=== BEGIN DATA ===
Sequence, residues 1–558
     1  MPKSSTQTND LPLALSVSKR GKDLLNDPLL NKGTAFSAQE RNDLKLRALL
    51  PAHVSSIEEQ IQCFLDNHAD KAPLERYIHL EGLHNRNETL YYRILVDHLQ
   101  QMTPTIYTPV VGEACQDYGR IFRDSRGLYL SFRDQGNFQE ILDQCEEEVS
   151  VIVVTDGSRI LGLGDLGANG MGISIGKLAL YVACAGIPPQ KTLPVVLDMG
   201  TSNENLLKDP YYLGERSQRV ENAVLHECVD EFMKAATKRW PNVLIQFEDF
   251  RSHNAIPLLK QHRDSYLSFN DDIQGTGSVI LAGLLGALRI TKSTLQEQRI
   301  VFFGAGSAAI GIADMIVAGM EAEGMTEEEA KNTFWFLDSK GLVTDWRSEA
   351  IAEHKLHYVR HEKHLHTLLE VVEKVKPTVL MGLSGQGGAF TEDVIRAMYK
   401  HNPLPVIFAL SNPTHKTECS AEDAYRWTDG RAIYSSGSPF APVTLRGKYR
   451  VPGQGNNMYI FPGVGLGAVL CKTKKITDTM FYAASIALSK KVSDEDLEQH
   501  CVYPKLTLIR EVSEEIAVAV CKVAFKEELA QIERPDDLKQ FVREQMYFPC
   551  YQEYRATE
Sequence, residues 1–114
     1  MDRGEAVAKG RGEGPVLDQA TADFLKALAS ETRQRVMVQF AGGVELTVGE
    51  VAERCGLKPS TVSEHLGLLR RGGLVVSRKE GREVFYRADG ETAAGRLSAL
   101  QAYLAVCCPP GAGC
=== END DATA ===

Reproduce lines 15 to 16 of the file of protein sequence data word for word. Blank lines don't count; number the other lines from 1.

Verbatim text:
     1  MDRGEAVAKG RGEGPVLDQA TADFLKALAS ETRQRVMVQF AGGVELTVGE
    51  VAERCGLKPS TVSEHLGLLR RGGLVVSRKE GREVFYRADG ETAAGRLSAL